Desveaux History, Family Crest & Coats of Arms
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The proud French name Desveaux was formed in Brittany (French: Bretagne) when the family resided in a valley. The name Desveaux is derived from the French word "vallée," which means "valley."
Early Origins of the Desveaux family
The surname Desveaux was first found in Brittany, where they held a family seat in the honor of the seigneurie of la Burie.
By the 14th century they had also acquired estates in Brittany at des Fossés, St-Jouan, and du Val. They also held Montrayer, on the Island of Martinique. The Pimodan branch of the family were elevated to the nobility as the Marquis de Pimodan. They also acquired possessions near the border of Flanders, Normandy, and in the Franche-Comté to the south. By 1512 they held a seigneurie at Chenillon in Lorraine. Louise LaVallière was a favourite of Louis XIV, with whom she had four legitimate children.
Pierre Lavallee, born in 1645, son of Pierre and Madeleine, travelled from France to Canada in the 17th century. After arriving in Quebec he married Marie-Thérèse Leblanc, daughter of Leonard and Marie, on 12th January 1665. 
Early History of the Desveaux family
This web page shows only a small excerpt of our Desveaux research. More information is included under the topic Early Desveaux History in all our PDF Extended History products and printed products wherever possible.
Desveaux Spelling Variations
French surnames were subject to numerous alterations in spelling because of the various cultural groups that inhabited specific regions. Eventually, each region possessed its own local dialect of the French language. The early development of the French language, however, was also influenced by other languages. For example, Old French was infused with Germanic words and sounds when barbarian tribes invaded and settled in France after the fall of the Roman Empire. Middle French also borrowed heavily from the Italian language during the Renaissance. As a result of these linguistic and cultural influences, the name Desveaux is distinguished by a number of regional variations. The many spelling variations of the name include Lavalle, Lavallée, Lavallee, La Vallee, Levalle, Leval, Lavallière, Lavallier, Levallier, Lavallois, Levallois, Lavallet, Levallet, Lavalet, Levalet, Lavaley, Levaley, Lavalley, Levalley, Lavally, Levally, Lavallière, de Vallée, de Vallee and many more.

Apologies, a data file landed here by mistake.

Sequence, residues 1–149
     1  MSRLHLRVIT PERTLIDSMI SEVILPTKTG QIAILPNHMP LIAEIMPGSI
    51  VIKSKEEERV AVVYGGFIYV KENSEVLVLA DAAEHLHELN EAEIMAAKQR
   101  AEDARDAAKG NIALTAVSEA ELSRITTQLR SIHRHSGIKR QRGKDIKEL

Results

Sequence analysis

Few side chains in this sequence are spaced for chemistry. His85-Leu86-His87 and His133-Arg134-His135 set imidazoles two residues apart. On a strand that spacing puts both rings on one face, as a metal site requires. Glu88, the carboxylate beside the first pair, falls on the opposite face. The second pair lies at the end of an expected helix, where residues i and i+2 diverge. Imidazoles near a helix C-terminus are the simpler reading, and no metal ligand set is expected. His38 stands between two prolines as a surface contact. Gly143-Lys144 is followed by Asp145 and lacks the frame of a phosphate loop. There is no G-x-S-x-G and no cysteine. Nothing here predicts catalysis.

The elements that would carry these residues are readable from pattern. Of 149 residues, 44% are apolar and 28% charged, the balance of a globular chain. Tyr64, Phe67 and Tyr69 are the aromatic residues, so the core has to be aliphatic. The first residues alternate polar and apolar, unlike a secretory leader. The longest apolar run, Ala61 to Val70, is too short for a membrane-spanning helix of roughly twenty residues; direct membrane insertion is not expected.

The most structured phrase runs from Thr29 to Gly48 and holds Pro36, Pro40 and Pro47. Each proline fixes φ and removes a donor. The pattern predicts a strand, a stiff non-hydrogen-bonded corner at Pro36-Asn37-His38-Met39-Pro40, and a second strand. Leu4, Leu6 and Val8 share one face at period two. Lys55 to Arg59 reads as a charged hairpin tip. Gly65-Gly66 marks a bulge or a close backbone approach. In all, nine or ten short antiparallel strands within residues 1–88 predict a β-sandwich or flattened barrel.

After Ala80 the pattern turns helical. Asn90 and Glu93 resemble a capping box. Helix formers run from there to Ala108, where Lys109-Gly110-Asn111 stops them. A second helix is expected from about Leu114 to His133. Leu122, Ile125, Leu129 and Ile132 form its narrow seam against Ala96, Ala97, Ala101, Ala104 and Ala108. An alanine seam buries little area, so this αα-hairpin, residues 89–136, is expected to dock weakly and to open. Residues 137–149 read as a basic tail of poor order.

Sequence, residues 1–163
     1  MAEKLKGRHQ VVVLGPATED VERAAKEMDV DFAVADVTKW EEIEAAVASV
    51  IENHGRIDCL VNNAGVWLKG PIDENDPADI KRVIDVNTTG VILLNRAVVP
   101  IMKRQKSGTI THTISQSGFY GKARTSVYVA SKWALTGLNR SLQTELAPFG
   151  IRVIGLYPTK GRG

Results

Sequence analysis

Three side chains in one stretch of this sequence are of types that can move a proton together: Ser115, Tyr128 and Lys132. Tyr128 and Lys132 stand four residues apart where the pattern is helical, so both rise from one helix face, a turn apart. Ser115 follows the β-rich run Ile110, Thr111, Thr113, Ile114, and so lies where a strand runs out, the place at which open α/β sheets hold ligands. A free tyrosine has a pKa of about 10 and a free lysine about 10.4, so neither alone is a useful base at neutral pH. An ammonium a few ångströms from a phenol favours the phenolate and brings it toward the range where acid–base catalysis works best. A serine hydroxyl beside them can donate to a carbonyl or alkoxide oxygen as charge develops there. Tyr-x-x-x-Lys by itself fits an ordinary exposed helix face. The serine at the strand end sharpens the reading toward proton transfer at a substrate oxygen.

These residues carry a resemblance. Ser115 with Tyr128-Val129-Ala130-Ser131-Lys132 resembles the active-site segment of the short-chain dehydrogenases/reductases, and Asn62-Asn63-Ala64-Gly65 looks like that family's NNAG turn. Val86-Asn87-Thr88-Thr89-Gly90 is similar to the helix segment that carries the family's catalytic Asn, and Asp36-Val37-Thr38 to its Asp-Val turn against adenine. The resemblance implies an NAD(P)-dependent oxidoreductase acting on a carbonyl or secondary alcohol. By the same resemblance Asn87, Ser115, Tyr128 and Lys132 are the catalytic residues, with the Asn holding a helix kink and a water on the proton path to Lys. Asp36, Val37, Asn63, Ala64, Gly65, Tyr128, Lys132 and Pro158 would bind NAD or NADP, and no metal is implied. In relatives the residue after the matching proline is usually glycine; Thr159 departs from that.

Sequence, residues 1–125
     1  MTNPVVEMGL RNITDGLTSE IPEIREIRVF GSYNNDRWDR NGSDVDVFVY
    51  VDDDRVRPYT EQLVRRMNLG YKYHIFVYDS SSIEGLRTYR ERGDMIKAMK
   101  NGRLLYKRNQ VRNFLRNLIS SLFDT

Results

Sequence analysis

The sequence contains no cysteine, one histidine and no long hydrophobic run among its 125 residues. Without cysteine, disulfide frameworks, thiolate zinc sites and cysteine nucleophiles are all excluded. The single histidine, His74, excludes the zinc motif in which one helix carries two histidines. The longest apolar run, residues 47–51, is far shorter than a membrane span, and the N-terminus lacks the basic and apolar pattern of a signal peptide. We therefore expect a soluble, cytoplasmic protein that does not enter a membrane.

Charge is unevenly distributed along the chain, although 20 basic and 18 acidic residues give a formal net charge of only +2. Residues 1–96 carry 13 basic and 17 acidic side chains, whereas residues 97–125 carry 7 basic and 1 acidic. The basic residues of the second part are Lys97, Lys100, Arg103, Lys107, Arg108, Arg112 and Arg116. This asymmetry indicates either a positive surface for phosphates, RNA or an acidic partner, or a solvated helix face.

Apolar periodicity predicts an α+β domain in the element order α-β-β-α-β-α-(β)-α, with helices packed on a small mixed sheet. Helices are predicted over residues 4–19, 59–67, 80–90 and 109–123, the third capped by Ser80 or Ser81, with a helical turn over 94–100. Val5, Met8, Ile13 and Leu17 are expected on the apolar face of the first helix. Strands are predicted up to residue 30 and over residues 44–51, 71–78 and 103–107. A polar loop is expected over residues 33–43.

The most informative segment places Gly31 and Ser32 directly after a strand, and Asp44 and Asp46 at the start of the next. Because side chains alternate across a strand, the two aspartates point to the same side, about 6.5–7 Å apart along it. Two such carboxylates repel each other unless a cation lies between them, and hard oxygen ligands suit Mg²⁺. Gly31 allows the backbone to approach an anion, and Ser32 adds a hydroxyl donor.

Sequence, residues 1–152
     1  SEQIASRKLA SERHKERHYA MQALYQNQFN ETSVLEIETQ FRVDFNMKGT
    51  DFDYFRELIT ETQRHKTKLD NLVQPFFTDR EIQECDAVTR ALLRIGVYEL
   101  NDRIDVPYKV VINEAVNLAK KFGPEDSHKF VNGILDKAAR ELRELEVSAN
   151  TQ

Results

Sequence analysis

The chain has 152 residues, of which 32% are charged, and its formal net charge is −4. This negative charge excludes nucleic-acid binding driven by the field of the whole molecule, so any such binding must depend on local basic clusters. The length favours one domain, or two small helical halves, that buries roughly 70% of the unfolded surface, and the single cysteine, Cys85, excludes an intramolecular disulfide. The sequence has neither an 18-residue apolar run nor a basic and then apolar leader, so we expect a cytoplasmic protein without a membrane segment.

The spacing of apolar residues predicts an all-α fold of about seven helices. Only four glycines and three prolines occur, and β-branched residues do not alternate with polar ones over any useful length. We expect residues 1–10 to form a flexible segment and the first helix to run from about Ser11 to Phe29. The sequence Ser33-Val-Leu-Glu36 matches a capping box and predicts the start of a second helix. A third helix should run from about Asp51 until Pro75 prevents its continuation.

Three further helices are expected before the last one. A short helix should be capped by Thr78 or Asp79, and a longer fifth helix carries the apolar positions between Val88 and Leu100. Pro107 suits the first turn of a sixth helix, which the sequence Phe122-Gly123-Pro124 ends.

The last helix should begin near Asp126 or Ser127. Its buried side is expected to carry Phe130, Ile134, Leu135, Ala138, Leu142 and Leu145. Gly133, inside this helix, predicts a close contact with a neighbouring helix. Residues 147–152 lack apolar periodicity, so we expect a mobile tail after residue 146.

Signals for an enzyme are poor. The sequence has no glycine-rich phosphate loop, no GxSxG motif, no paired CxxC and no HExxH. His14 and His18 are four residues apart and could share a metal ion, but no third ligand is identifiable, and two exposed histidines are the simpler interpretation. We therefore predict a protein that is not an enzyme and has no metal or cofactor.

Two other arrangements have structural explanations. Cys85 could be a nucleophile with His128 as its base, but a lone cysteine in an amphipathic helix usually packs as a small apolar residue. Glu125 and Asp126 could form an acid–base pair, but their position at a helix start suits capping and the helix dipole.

Early Notables of the Desveaux family (pre 1700)
Notable amongst this name at this time was Guy XIII de Laval, (1385-1414), seigneur of Laval and of Kergorlay, inherited the Laval title through his marriage on 22 January 1404 to Anne de Laval, As daughter and sole heir to Guy XII de Laval, Anne was "dame de Laval", and one of the conditions of the marriage was that any children born to it would...
Another 65 words (5 lines of text) are included under the topic Early Desveaux Notables in all our PDF Extended History products and printed products wherever possible.
Migration of the Desveaux family
By 1643 there were only about 300 people in Quebec. Since immigration was slow, early marriage was desperately encouraged amongst the immigrants. The fur trade attracted migrants, both noble and commoner. 15,000 explorers left Montreal in the late 17th and 18th centuries. By 1675, there were 7000 French in Quebec. By the same year the Acadian presence in Nova Scotia, New Brunswick and Prince Edward Island had reached 500. In 1755, 10,000 French Acadians refused to take an oath of allegiance to England and were deported to Louisiana. The French founded Lower Canada, thus becoming one of the two great founding nations of Canada. The distinguished family name Desveaux has made significant contributions to the culture, arts, sciences and religion of France and New France. Amongst the settlers in North America with this distinguished name Desveaux were Louis Lavallée arrived in Quebec in 1673 from Flanders; François Lavallée arrived in Quebec from the Franche-Comté in 1761; Pierre Lavallé.
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- ^ Olivier, Reginald L. Your Ancient Canadian Family Ties. Logan: The Everton Publishers, Inc., P.O. Box 368, 1972. Print